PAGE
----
teachers’ unions. from more than 40 districts around the Plymouth-Canton 5* 14 $81,049 complaints about the contracts, but
Ivy Bailey, president of the De- state show that many allow district ad- Ann Arbor full 11 $80,769 noted that he thinks “administrators
troit Federation of Teachers, said the ministrators to grant full credit. Chippewa Valley full 12 $89,443 would like the ability to hire some on
language has been in the contract In Ann Arbor, Kalamazoo, Fern- the higher step (pay level).”
for years and acknowledges those dale, Warren Fitzgerald, Warren Van Grand Rapids 5* 12 $68,042 Some unions agree. Doug Hill is a
teachers who’ve suffered through Dyke, South Redford, Utica and oth- Rochester full 20 $86,420 veteran teacher who’s now president
years of pay cuts and freezes. ers, a teacher could jump to the top of of the Rochester teachers’ union in
Warren Consolidated full 12 $94,700
“You have teachers who stayed the scale without the teachers union Oakland County, and he said he’s
here and endured it all,” she said. contract prohibiting it. Walled Lake full 15 $90,362 aware of painful cuts at other districts.
“They care about the children and In the Grosse Pointe schools, which Livonia 7 12 $84,595 Hill’s union decided in a recent ne-
they’ve stuck it out.” pays among the best in the state, new gotiation to remove a restriction on
Bailey said the contract allows the teachers can be hired at the 13th of a Troy full 14 $92,400 pay for counselors who held teaching
district more latitude when trying to 14-step salary schedule. Kalamazoo full 25 $76,881 certificates. The district had seen posi-
hire teachers in critical areas such as Yet in other places, teachers have tions go unfilled but now can hire
Wayne-Westland 3* 14 $76,839
special education. Those specialty put the brakes on salaries. Those that teachers in at whatever level experi-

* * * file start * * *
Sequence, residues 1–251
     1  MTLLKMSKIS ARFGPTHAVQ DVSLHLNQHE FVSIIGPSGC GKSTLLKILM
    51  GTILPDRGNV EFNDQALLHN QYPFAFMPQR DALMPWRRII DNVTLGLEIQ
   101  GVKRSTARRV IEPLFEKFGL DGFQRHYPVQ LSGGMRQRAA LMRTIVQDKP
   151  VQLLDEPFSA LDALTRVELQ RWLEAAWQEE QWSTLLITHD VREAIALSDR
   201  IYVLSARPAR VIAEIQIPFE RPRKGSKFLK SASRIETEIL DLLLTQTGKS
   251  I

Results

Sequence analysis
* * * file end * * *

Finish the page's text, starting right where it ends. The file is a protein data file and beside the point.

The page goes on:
areas can receive salary credit for up have are communities suburban and Lansing 8 22 $76,850 ence they want.
to eight years’ experience. urban, wealthy and poor. In Oak Park, L’Anse Creuse full 16 $84,386 “I can see both sides of this,” Hill
But if it’s not in a critical area, no the teachers’ contract has a provision said, but added “we’re trying to get the
Farmington 4* 11 $86,830
dice. And that’s been a problem for that says all new hires should be hired best teachers to put in front of stu-
principals wanting to fill vacancies at beginners’ wages. Forest Hills full 28 $84,590 dents.”
such as Jeffrey Robinson, principal Hiring at higher levels “puts finan- Traverse City full 20 $74,819 Union officials say they asked for —
at Paul Robeson Malcolm X Acade- cial pressure on the district and cre- and got — the restrictions because
my on Detroit’s west side. ates an environment which disenfran- Waterford 8 15 $78,351 they say without it their veteran teach-
“On three separate occasions, we chises staff currently restricted by Huron Valley 5* 17 $75,915 ers would be demoralized by having
got people who got past the on- contractual step freezes,” according to new hires, who had not endured the